WhatsApp’s recent update of its terms and conditions also served as an announcement of some changes that the instant messaging platform is making to open up revenue opportunities.
In its statement, WhatsApp highlighted its desire to help its users communicate with businesses. This is supposed to happen through targeted advertising which will be facilitated by “WhatsApp for Business” accounts.
According to WhatsApp,
We will explore ways for you and businesses to communicate with each other using WhatsApp, such as through order, transaction, and appointment information, delivery and shipping notifications, product and service updates, and marketing. For example, you may receive flight status information for upcoming travel, a receipt for something you purchased, or a notification when a delivery will be made. Messages you may receive containing marketing could include an offer for something that might interest you.
Other than the direct reference to targeted marketing, this also suggests the transformation WhatsApp into an e-commerce platform that integrates some e-commerce functionality into a messaging service.
Users of IM platforms like WeChat in markets that have adopted its full services suite are already familiar with this sort of functionality. An instant messaging platform can provide e-commerce features that include product updates, discounts and service payments.
It’s the same route that Facebook took with its Messenger service in 2015, integrating some of these features that tie in e-commerce to a messaging service and transform it into a platform.
WhatsApp’s adoption of the same model is hardly surprising. At some point, the world’s most popular messaging service was going to have to figure out new ways of creating revenue especially with the $19 billion price tag that was attached to it by Facebook.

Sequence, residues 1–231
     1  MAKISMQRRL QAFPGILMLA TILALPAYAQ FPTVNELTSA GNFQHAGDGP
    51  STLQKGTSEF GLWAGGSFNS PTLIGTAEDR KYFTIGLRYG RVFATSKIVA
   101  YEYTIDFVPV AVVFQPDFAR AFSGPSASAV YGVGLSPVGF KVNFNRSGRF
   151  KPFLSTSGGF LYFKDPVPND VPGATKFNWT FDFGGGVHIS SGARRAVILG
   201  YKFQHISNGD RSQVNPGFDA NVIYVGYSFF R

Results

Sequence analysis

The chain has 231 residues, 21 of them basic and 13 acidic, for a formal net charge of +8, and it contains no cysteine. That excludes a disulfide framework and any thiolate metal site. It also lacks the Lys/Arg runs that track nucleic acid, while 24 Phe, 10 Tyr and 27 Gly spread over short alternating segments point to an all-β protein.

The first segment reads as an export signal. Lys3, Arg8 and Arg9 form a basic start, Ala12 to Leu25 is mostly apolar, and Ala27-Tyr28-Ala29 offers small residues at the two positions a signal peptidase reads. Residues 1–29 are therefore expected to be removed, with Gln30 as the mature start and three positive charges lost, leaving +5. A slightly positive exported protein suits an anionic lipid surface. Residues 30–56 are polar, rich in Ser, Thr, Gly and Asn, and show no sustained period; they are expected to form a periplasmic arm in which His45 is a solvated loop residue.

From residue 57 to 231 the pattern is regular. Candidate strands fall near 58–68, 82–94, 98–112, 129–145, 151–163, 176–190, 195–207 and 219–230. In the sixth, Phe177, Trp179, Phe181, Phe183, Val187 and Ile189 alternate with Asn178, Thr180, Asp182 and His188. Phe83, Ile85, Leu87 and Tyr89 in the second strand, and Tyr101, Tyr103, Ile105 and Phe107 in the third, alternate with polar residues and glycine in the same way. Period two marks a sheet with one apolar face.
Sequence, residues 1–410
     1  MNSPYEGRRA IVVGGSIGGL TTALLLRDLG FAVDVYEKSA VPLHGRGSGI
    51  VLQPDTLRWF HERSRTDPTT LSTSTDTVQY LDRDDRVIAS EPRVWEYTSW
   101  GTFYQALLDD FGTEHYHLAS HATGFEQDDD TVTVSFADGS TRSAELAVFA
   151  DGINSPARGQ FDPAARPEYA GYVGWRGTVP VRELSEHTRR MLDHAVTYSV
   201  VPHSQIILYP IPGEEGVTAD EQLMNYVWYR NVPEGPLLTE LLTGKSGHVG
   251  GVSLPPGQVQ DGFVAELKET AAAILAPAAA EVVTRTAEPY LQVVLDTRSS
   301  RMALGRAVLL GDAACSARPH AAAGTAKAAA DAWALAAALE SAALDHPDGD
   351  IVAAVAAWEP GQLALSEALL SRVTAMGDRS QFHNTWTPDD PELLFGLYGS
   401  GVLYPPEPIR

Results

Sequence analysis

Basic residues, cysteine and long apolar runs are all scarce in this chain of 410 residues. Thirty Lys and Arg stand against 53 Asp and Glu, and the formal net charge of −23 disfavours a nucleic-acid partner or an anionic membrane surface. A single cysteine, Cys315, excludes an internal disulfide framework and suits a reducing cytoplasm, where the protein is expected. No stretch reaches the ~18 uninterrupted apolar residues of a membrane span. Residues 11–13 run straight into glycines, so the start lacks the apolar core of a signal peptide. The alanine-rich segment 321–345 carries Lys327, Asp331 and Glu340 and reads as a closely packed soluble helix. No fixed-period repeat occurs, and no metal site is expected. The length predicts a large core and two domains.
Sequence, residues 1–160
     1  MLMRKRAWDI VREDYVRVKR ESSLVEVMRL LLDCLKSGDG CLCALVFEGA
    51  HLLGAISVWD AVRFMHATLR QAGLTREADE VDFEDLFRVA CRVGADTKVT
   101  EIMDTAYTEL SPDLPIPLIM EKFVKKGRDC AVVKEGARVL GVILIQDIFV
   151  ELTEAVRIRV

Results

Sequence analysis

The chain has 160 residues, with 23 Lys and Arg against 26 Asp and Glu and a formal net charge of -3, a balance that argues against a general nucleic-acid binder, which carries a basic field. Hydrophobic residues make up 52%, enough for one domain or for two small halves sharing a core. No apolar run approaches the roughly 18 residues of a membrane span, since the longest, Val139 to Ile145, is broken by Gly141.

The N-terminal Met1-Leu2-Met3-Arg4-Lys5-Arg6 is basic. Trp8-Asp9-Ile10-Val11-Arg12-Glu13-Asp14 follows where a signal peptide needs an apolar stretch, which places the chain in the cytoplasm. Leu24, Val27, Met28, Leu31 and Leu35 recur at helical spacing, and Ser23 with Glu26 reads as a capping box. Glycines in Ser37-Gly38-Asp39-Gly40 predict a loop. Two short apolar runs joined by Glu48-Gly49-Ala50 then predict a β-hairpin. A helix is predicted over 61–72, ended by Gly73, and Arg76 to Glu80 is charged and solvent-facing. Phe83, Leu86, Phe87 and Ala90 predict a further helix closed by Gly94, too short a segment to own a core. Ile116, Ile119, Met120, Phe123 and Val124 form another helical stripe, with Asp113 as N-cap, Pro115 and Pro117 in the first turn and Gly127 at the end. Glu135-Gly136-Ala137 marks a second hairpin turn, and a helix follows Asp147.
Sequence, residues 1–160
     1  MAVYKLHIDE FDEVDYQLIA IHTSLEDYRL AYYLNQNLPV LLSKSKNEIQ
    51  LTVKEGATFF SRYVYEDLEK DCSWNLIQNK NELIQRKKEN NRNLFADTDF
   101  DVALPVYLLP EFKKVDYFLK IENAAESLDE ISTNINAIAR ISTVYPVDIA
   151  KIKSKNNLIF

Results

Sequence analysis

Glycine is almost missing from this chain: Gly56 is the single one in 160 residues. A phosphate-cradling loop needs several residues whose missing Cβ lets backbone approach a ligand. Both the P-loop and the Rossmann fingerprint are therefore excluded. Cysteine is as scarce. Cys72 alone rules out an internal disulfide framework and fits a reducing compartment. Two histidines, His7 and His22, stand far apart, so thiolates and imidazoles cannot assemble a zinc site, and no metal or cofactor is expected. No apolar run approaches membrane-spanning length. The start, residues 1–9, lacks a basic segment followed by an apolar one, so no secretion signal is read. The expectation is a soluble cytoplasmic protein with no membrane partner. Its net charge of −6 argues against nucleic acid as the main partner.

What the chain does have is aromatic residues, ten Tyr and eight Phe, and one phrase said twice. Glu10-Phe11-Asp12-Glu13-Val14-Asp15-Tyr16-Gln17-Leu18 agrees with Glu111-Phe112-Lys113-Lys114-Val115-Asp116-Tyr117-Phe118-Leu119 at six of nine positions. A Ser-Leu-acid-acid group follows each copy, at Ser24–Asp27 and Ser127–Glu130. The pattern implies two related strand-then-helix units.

Interestingly, though, this change will likely create a lot of opportunities for businesses that operate in markets where WhatsApp is a dominant tool for communication and media exchange.
Zimbabwe is one example of such a market with WhatsApp having been cited as contributing to 34% of national broadband traffic.
The application’s popularity is powered by WhatsApp bundles – Over the Top services that were introduced by the country’s mobile operators as a way of monetising the instant messaging service. These bundles have made WhatsApp affordable lowering the cost to as little as $3 for monthly access.
Once these services are introduced businesses will have an opportunity to reach out to Zimbabwean users not only through targeted marketing but also through instant messaging e-commerce.
In the face of high broadband costs that encourage Zimbabweans to resort to bundles services like WhatsApp, marketing and commerce over instant messaging services like WhatsApp is likely to emerge as a leading channel for reaching markets and engaging in online trade.
This also raises the constantly ignored case of net neutrality and forces businesses to view WhatsApp as a platform that could dictate the visibility of products and services.
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